The ‘mid I’ve been looking for

Disclaimer: Seek Outside gave me the shelter discussed below for free in exchange for feedback.

[12/2016 update: the BT2 is now the Silvertip, with modest but significant revisions which make it more friendly to taller folks, and more likely to pitch with one long trekking pole.]

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It’s illustrative to think back to the first “cottage” shelter I purchased, one of the first MLD Trailstars, in September of 2009. I was still so little initiated in the ultralight world that I emailed Ron Bell about making one of 70D sil, to which he in essence replied “what the hell for?”  That shelter hung around the closet for a long time, eventually going down the road some time in 2011 or 2012, mostly due to the large footprint, awkward pitch, and modest interior space.

The Trailstar made it’s name with an unmatched weight to wind resistance ratio, and it survived what is still the windiest night I’ve ever spent outside remarkably quietly once I had it well staked.  That windproofing doesn’t just come from good construction, though that it a big part of it, but from a low and aerodynamic shape.  The conundrum is how to approach that degree of windproofing while also having good snow shedding abilities, traits which in ‘mids and tarp shelters seem to be at odds, especially when you introduce the further contradictory requirements of having a relatively small footprint and at the same time decent interior living space.  Oh, and it’d be nice to seal out those pesky drafts along the bottom, while still keeping the ability to raise the hem and vent as needed.

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Thankfully, it is now 2015, and Seek Outside managed to balance all of the above in the Beyond Timberline 2 person tipi, more simply known as the BT2.

The BT2 is as simple and stripped down as possible.  Seek Outside calls it “a purpose built ultralight, storm worthy, backpacking  shelter to help you to go lighter and go further in difficult terrain” and this is a good starting point for analysis.  It’s made of 30D silnylon, which has rightfully become the standard modern shelter fabric.  It’s a symmetrical hexagon, 64 inches (162cm) tall at the peak when pitched tight to the ground.  It is 108 inches wide zipper to zipper (or corner to corner), and 96 inches side to side.  It has a double-reinforced apex cone of DX40 (read: massively puncture resistant) with interior and exterior hang loops, dual doors which open via #8 non-waterproof metal YKK zippers (read: the smoothest, strongest zipper made), with sliders at both the top and bottom.  The zipper flap is a piece of 2″ grosgrain webbing with three velcro patches to keep it closed.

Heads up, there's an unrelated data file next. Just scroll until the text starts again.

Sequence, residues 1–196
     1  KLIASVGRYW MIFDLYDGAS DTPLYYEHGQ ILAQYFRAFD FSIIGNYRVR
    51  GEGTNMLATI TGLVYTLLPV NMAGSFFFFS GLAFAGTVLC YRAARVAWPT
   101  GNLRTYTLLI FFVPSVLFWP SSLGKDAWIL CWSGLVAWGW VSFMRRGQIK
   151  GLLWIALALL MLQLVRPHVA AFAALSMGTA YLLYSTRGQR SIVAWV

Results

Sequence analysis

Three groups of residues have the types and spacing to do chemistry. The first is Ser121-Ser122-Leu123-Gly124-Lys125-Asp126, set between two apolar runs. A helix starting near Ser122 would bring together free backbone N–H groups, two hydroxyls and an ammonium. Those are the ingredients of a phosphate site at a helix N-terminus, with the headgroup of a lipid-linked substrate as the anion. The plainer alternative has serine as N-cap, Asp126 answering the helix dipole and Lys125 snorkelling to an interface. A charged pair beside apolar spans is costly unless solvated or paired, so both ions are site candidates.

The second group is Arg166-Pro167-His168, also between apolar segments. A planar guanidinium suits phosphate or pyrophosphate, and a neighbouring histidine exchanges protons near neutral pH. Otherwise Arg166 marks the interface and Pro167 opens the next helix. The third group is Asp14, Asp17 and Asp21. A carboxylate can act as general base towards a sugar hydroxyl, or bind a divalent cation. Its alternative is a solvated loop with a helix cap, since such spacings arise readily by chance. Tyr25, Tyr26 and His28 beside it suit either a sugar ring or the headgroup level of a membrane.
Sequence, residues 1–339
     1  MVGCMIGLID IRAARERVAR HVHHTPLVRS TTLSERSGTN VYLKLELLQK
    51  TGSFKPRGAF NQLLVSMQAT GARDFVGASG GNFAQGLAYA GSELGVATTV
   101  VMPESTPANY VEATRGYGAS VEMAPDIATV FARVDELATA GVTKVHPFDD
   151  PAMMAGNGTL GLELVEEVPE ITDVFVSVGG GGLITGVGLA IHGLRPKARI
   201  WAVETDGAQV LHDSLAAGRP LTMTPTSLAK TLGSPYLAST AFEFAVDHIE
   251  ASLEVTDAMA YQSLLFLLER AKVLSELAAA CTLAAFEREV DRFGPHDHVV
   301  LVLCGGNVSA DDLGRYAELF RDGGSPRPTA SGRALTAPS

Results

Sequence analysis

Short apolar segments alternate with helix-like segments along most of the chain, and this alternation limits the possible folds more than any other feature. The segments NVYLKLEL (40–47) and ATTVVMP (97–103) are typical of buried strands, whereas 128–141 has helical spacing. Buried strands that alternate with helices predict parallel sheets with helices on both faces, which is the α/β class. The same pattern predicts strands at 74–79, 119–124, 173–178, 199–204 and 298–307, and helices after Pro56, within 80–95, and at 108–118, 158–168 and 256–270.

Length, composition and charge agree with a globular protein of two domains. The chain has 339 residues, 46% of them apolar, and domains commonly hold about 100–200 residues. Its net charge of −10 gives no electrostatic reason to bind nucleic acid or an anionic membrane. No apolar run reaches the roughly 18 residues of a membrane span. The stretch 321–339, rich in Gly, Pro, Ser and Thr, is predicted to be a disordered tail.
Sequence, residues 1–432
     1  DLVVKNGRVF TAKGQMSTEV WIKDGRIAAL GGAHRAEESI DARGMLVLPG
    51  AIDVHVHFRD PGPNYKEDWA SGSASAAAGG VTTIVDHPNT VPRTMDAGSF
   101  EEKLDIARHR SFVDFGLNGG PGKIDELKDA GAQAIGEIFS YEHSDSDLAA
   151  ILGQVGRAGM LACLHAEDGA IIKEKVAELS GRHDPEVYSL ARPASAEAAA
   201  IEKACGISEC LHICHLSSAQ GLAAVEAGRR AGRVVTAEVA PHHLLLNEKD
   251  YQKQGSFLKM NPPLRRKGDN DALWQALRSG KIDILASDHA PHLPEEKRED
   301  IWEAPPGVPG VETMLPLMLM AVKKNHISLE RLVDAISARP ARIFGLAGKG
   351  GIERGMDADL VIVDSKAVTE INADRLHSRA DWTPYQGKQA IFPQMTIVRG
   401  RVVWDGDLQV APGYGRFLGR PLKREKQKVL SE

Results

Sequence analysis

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The tieouts on the BT2 are worth mentioning.  They’re basic loops of 1/2″ webbing, sewn into cordura reinforcement patches on both the inside and outside, and you’ll find a loop on both the inside and outside of the tent.  You’ll also find them places 4″ up from the bottom edge of the shelter.

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This feature is significant for two reasons.   If you stake the BT2 down with the exterior loops, as is most natural, and especially if you use all twelve of the loops, the extra 4″ of silnylon will be tucked under into the interior of the shelter, forming a sod cloth or snow flap which is totally effective in sealing out all wind, as well as almost all flying insects.  Every other mid I’ve owned was cursed by massive drafts in cold winds when there was not enough snow on the ground to pile up over the bottom edge.  Seek Outside has solved this problem in a simple fashion which adds almost no weight to the shelter, and almost no complexity (read: $$) to the production process.  If you want ventilation, stake the shelter using the interior loops, and raise the pole a bit.  If you want more ventilation, extent some of the loops with a bit of cord.

Kevin Timm of Seek Outside also told me, a while ago, that the sod cloth feature helped solve another problem with silnylon shelters; sagging when wet.  Because the tie points are not loaded along a sewn and stretch-less seam, a greater degree of elasticity is preserved within the shelter system, and sagging after a night of rain is much reduced.  It is not eliminated, but I’d estimate that it is reduced by around 50%.  After a night of hard rain a further 1/2″ or so of height in the center pole brings the BT2 back up to ideal tautness.